Retired back seeks to have award thrown out
Williams filed papers in federal court Nov. 24 -- the papers were not entered into the court's computer system until this week -- saying "the arbitrator acted in manifest disregard of the clear and unequivocal laws of Florida and Louisiana," and that "enforcement of the award would violate well-established public policy."
The document, a response from Williams and the NFL Players Association to the arbitrator's October ruling in favor of the Dolphins, includes no elaboration, but says Williams and the union will soon seek to formally "vacate, modify or challenge the award."
The Dolphins are suing their former running back to recoup the money. Through a spokesman, the team declined comment on the Williams situation Wednesday.
Edward Soto, a Miami attorney who filed Williams' response, declined comment and referred calls to another attorney, Jeffrey Kessler. A message left at Kessler's New York office was not immediately returned.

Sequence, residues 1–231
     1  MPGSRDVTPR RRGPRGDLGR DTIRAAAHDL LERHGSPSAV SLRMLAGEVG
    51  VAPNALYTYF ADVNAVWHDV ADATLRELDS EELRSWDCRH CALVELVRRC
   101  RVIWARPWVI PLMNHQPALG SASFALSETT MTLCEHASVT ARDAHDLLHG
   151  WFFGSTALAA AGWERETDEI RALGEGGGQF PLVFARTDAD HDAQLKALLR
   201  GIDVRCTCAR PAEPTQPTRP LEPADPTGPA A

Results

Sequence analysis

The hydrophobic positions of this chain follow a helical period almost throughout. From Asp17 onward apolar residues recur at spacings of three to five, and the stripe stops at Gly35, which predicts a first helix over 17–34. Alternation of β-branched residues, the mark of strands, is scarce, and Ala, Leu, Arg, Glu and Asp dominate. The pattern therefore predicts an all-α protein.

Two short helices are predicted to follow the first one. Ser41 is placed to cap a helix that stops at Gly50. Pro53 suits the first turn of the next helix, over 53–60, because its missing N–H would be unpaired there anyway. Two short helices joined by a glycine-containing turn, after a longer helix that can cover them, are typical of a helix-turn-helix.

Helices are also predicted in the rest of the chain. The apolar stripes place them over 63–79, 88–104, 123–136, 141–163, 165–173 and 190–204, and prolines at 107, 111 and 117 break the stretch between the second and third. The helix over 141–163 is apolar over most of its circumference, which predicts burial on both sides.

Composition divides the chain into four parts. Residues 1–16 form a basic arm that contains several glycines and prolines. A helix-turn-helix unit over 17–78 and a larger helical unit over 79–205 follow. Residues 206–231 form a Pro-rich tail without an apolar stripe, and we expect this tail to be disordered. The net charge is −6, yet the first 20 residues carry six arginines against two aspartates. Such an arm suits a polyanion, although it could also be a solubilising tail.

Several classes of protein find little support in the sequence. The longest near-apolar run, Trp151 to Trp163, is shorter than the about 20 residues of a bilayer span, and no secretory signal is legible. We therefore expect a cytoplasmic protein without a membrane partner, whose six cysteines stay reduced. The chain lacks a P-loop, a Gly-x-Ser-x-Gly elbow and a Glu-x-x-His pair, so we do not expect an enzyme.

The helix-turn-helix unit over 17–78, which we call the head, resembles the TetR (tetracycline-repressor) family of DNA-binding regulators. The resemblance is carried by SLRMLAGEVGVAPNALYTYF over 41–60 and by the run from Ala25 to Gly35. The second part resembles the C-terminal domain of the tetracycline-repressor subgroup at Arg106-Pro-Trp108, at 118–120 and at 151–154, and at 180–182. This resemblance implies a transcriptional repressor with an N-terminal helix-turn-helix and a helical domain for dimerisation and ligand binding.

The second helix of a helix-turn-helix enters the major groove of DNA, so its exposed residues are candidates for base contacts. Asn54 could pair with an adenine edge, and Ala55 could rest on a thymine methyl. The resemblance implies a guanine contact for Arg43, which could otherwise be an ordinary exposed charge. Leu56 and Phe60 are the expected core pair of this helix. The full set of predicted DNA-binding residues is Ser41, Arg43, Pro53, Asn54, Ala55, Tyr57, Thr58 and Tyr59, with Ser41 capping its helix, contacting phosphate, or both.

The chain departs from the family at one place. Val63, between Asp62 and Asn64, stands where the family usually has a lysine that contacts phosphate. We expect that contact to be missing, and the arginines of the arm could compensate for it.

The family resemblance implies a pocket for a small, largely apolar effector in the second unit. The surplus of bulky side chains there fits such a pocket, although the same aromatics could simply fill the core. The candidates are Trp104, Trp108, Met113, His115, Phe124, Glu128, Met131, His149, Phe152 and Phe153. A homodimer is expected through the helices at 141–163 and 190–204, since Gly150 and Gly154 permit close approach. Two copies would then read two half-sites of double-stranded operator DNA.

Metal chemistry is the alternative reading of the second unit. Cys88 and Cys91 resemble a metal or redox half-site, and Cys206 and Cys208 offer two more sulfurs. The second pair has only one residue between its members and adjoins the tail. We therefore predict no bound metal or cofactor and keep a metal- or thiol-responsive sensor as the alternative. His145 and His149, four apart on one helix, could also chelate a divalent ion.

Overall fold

Another of Williams' attorneys, David Cornwell, said last week that Williams will serve a four-game suspension beginning later this month and then be reinstated with the Dolphins by the NFL.
The league, however, has said that no agreement is finalized.
Williams, who retired before training camp, is required to serve a four-game suspension for violating the league's substance abuse policy. His contract with the Dolphins would be valid again following that suspension.
He rushed for 3,225 yards in two seasons with the Dolphins, including a league-leading 1,853 yards in 2002. They acquired the 1998 Heisman Trophy winner in a trade with New Orleans after the 2001 season.
Without Williams, around whom much of Miami's offense was built, the Dolphins (2-9) have struggled and will finish the season with a losing record for the first time since 1988.
Copyright 2004 by The Associated Press
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